At the point when the BBC was as of late offered a meeting with youngsters supposedly found battling for the revolutionaries, we warily acknowledged.
“I was playing football with companions when I was strongly selected by Tigrayan contenders to join their positions,” one 17-year-old advised us, on the telephone from Afar, a state which borders Tigray.
The contention started in Tigray in northern Ethiopia in November, yet has since spread to the adjoining areas of Afar and Amhara, where the TPLF revolts as of late caught Lalibela, a town well known for its stone slashed chapels.
“I was taken forcibly to the conflict front,” said another youngster, who disclosed to us he was in Year 10 at school in Tigray. “My family couldn’t utter a word since they dreaded for their life.”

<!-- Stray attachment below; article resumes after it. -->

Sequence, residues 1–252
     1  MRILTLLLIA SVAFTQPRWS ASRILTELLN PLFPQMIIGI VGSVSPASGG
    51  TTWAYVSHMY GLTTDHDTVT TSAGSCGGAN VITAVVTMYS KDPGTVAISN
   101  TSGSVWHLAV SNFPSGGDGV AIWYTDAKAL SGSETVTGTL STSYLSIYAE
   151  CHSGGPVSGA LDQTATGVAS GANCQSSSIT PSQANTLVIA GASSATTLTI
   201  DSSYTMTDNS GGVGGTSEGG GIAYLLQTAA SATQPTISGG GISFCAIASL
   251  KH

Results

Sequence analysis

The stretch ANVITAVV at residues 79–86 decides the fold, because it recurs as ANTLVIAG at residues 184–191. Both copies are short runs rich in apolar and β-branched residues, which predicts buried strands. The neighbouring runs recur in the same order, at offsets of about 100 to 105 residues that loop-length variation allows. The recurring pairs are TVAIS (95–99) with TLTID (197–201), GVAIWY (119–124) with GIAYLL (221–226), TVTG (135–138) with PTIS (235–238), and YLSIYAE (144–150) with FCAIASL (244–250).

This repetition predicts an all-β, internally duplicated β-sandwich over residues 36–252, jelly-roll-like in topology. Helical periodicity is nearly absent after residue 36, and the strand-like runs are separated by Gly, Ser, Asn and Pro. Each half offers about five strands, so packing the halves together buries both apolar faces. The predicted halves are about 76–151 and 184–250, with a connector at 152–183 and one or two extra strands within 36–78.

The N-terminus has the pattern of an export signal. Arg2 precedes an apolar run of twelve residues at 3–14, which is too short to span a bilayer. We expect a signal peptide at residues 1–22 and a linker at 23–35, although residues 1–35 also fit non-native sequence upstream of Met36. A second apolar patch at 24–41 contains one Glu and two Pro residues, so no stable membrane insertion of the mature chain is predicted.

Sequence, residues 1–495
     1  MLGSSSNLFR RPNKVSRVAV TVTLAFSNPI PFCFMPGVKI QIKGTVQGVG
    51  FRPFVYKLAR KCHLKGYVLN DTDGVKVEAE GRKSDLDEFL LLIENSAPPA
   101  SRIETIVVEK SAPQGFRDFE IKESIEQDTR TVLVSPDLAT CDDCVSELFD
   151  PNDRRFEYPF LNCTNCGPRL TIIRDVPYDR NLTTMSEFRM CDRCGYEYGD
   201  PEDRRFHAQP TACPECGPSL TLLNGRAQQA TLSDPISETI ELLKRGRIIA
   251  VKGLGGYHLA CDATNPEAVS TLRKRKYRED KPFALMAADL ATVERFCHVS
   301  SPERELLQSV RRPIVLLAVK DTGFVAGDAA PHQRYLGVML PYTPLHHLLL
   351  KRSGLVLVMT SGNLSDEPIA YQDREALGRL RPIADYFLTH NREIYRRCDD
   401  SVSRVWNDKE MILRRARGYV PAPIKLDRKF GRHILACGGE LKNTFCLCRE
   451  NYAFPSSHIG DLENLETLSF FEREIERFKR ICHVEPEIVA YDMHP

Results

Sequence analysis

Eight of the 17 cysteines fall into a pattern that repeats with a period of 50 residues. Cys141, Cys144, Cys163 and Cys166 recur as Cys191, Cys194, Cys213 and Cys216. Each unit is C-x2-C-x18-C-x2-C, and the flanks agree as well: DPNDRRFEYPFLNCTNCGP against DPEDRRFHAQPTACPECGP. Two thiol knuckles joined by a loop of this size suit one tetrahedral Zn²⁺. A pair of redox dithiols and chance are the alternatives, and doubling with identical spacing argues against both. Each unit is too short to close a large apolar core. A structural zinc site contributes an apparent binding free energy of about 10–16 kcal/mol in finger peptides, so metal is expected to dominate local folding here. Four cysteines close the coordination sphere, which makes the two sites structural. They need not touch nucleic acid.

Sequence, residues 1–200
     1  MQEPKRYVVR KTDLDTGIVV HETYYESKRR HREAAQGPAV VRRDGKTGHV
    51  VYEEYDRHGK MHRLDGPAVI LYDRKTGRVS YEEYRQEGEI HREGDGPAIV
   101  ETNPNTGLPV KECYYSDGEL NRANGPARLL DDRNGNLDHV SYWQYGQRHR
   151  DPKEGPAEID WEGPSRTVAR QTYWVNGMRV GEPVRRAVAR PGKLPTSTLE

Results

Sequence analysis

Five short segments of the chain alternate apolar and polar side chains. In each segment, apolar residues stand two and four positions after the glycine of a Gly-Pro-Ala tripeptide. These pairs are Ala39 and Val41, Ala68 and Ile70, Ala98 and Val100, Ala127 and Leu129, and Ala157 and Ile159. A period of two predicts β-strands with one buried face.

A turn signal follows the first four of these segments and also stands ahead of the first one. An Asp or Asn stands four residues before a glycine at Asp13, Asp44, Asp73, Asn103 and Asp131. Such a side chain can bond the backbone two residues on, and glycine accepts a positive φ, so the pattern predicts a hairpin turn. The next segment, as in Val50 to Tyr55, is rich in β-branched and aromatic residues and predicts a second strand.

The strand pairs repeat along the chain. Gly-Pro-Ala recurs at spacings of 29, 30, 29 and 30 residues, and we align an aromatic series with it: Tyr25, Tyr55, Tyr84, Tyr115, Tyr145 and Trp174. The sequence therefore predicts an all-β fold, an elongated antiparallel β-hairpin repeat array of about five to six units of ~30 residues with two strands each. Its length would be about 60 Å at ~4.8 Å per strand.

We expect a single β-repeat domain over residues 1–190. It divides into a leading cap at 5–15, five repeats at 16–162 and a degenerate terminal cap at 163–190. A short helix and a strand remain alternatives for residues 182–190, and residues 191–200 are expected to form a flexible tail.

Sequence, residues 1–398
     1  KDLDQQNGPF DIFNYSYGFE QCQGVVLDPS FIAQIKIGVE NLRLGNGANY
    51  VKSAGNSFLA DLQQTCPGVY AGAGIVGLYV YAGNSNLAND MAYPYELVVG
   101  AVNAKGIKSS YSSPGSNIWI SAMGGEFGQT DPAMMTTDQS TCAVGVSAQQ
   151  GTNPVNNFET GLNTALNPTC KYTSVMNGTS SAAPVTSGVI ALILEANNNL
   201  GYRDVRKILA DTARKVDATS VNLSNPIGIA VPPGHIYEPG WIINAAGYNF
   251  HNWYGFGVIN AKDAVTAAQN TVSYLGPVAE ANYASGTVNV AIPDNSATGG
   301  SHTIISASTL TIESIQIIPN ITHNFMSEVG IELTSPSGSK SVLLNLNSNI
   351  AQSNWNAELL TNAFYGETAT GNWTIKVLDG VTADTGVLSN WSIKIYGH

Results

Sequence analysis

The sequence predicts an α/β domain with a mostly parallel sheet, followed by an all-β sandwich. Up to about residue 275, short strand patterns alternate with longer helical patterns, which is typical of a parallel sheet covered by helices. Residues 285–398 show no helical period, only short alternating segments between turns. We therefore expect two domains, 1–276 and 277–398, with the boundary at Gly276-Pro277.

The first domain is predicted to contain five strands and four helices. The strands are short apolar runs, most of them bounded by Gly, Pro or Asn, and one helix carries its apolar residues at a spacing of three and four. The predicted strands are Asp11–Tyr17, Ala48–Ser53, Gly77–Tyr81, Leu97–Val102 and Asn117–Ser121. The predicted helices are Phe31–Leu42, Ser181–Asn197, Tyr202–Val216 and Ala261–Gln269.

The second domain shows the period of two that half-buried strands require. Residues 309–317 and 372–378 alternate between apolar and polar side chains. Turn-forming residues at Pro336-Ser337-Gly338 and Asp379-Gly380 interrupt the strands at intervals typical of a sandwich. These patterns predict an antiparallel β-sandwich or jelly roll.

A 19-year-elderly person said: “We didn’t get any tactical preparing. They took us to Afar. They took steps to kill our family in the event that we didn’t join the battle.”
The young people revealed to us that around 50 juvenile young men and young ladies were gathered together close to Tigray’s capital Mekelle and compelled to battle, prior to being caught by Afar’s provincial powers, who are unified to the national government.